Friday, May 22, 2009

Corked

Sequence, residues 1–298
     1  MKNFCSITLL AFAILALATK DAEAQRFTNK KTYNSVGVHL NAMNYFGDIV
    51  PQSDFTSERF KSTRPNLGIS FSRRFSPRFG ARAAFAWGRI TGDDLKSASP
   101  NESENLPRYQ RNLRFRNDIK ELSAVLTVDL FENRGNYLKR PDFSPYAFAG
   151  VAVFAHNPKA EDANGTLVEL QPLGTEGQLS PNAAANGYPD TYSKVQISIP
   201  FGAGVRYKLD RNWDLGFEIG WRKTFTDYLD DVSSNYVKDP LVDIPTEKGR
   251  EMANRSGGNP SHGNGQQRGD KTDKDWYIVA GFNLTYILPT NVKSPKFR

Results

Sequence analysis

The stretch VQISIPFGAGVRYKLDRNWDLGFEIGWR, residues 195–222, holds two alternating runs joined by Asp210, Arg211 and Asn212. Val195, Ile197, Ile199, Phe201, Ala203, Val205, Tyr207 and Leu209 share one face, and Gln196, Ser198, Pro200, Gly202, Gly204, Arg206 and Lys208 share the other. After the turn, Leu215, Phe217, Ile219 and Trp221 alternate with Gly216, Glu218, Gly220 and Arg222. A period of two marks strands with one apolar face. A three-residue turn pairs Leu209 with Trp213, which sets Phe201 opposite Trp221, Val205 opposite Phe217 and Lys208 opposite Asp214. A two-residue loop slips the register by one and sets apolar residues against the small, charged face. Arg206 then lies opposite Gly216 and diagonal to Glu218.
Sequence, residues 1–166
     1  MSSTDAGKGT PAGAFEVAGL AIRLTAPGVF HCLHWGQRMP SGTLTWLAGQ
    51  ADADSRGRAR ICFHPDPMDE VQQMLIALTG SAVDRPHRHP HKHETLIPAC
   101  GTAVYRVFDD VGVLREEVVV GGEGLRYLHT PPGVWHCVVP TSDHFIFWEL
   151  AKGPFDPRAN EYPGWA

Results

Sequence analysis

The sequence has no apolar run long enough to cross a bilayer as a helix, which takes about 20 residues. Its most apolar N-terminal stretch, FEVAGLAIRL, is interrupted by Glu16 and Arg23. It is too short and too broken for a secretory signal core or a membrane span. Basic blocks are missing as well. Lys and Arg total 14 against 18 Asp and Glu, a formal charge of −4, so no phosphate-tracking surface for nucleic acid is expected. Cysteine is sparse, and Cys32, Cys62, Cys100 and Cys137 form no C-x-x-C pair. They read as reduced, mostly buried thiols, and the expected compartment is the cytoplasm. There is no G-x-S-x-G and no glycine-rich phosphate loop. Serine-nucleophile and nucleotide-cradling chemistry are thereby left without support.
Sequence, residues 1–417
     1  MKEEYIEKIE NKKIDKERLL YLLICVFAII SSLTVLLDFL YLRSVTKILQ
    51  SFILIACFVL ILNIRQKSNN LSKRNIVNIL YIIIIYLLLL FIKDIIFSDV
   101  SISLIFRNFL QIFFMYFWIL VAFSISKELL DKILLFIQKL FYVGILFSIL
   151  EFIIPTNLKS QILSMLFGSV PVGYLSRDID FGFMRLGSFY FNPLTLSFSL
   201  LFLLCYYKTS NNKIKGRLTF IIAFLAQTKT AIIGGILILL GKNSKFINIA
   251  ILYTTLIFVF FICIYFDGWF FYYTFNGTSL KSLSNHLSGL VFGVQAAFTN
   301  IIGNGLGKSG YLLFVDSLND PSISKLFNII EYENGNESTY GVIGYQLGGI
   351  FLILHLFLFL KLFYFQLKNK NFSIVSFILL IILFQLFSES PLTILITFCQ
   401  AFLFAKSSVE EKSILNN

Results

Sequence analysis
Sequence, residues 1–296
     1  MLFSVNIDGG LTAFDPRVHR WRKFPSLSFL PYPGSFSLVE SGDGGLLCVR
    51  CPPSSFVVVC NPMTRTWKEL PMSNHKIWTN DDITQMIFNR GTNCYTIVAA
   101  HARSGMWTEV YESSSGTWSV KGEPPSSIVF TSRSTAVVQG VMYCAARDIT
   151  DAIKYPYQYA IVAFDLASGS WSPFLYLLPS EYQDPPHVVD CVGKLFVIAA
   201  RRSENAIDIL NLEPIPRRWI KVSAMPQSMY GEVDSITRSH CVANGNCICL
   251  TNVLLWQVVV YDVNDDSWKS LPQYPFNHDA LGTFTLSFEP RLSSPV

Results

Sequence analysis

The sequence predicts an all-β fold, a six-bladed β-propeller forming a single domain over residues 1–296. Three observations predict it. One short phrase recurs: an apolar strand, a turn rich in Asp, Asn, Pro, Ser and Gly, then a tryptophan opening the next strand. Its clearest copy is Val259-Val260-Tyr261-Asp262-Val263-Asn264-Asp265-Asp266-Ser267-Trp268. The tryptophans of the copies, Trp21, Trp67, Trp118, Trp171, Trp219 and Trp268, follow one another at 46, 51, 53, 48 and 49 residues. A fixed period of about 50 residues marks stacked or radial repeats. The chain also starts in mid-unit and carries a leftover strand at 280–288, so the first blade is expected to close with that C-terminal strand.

I took some liberties with the original image here. You might be able to make out that these are corks from wine bottles - in fact, from one of these displays in a restaurant where a container is completely filled with all the old, used corks. In symbolism, corks are like bottles in that they are metonymic - it's what was corked that matters, not the cork itself. Yet there is connection there in terms of the sealed container. Something - the quality of the wine perhaps - is preserved. And it's no good sending a message in a bottle without the cork in place. The cork seals the container and preserves the message intact. If air has got to the wine and it becomes oxidised, we refer to the wine as being "corked". Nothing to do withe cork, except it didn't make a proper seal. Corks are often kept after a special occasion. The cork from the champagne bottle that helped launch a ship is often inscribed and retained. If we put a cork on information we try to stop it leaking and that is often referred to in group psychotherapy. The discussions are usually privy to group members and so if discussions occur outside the group, it's regarded as "leaky".